Cemex Plans Its Own Debt Deal

| About: Cemex, S.A.B. (CX)

Mexican concrete maker, Cemex (NYSE:CX) said on Monday it has created a debt exchange, in an effort to save hundreds of millions of dollars. It plans on exchanging some its existing short-term debt, for longer and riskier maturities directly resulting in significant savings over the next few years. This news, when announced boosted the price of the stock on the NYSE.

The architecture behind the deal is pretty straight forward: short-term bonds directly exchanged for longer-term bonds, however things get a little tricky once the bonds on denominated in both dollars and euros. Currently, short-term bond holders are due for a maturity during the second half of 2014.

According to the terms of the exchange, holders of $1.19B (US Dollars) in Eurobonds issued by Cemex Finance Europe BV and $147M euros of debentures can now exchange those debentures for two separate types of notes both due for maturity in 2019. The first of these is a dollar-denominated senior note at a rate of 9.875%, and the second a euro-denominated note at a rate of 9.875%.

Cemex recently announced earnings that were better than expected and hinted that guidance in the coming quarters could result in a breakthrough year. According to a recent press release, several factors drove the positive results. These factors included, but were not limited to, a higher demand for Cemex's products and solutions in both the residential and infrastructure sectors.

In late January, Cemex announced its newest brand of concrete, Hidratium. Hidratium is a self-curing concrete that cuts the timeframe of most jobs by 30% and is also maintenance-free. "As a global leader in ready-mix concrete, CEMEX offers an innovative concrete technology that is designed to enable our customers to avoid extra investment of time as well as money to maintain adequate levels of moisture and attain the maximum performance of the concrete," said Davide Zampini, Head of the CEMEX Research Group. Are US based contractors, construction companies and home builders more likely to go with a brand like Hidratium? Considered to be one of more cost-effective CEMEX solutions, these three industries would not only benefit from the products composition, but from the time it saves them to complete jobs.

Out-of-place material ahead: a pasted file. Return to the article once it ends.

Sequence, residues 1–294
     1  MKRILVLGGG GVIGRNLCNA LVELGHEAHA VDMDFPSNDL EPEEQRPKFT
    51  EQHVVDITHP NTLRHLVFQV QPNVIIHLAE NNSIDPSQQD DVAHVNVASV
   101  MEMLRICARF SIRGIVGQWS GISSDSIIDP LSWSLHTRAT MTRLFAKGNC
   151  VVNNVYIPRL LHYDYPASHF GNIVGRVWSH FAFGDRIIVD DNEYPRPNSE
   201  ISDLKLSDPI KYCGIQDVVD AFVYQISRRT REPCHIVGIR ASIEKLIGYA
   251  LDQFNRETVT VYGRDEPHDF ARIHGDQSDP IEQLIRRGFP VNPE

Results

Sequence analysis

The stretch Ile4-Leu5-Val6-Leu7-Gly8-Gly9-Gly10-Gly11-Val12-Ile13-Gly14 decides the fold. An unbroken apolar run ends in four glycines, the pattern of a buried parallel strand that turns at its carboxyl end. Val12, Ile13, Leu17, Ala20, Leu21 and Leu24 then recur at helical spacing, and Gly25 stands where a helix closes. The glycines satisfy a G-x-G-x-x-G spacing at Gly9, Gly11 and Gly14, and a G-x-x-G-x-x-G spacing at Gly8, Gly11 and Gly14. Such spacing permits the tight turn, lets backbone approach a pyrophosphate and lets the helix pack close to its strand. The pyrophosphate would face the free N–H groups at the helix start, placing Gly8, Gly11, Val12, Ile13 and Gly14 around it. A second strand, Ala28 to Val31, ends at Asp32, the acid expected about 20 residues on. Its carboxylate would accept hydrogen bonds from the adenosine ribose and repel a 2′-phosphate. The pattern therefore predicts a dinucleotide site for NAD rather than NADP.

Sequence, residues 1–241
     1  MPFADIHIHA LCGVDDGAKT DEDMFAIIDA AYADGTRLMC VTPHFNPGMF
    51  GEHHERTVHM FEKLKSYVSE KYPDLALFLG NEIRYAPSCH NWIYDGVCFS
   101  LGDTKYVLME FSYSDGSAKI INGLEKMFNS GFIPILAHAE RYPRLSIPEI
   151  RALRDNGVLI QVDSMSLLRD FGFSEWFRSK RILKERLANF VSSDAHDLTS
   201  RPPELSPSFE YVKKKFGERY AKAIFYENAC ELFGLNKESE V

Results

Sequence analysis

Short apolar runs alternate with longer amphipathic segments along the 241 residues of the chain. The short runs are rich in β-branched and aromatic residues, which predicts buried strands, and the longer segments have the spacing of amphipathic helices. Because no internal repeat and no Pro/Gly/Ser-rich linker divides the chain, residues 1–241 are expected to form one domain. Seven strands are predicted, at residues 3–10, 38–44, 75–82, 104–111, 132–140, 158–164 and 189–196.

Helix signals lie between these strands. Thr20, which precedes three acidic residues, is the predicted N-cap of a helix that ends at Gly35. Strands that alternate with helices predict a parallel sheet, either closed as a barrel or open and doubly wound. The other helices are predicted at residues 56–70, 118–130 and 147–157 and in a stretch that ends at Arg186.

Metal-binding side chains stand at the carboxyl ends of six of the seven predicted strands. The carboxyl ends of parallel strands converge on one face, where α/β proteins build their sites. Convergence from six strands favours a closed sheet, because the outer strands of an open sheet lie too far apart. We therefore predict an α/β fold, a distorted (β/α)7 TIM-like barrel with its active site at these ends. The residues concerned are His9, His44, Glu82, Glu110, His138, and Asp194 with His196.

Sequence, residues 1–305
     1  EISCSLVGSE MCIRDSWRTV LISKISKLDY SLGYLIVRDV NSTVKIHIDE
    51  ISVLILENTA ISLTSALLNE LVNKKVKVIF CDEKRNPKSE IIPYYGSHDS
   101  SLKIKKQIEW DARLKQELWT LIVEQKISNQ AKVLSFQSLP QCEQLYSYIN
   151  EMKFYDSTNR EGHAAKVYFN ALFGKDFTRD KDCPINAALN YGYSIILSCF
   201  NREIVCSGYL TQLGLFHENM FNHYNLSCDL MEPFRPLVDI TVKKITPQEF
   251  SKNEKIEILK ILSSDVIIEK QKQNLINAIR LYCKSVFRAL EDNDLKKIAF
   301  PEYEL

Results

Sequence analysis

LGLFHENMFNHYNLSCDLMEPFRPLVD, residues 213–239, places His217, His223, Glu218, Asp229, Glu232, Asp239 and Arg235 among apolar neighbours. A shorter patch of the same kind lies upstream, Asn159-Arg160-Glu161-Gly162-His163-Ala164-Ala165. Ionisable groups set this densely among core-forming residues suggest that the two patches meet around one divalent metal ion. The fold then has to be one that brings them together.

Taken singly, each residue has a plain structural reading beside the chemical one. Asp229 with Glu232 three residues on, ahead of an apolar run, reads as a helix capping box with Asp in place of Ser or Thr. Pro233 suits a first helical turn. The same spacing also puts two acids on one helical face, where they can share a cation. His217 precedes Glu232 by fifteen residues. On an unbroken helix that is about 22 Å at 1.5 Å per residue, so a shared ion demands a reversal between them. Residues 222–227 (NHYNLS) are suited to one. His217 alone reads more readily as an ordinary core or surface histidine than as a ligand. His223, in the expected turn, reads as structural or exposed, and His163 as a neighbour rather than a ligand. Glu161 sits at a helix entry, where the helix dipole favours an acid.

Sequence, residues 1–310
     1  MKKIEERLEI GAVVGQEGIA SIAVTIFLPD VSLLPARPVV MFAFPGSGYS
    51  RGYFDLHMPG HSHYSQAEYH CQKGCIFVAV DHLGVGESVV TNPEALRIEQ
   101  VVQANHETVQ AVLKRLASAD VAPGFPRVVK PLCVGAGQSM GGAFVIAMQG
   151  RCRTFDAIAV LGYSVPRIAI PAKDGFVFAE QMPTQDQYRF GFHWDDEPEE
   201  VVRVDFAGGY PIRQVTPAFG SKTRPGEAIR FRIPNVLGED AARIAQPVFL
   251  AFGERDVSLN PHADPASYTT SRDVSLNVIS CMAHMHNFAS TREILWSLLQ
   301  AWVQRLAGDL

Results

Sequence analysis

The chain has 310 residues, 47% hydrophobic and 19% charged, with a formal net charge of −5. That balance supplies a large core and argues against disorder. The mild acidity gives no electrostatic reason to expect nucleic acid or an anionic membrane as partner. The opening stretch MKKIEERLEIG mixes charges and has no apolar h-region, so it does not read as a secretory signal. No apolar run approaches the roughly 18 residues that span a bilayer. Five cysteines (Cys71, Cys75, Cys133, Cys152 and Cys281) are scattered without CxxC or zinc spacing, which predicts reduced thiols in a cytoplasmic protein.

So what could this mean in the long run for CX shareholders and those looking to invest? Let's consider this, if current earnings increased due to a higher demand in both the residential and commercial sectors, and the introduction of Hidratium would reduce the time table for most jobs. Direct sales and output would create not only a higher demand for the new maintenance-free concrete but positively affect the bottom line moving forward.

Disclosure: I have no positions in any stocks mentioned, and no plans to initiate any positions within the next 72 hours.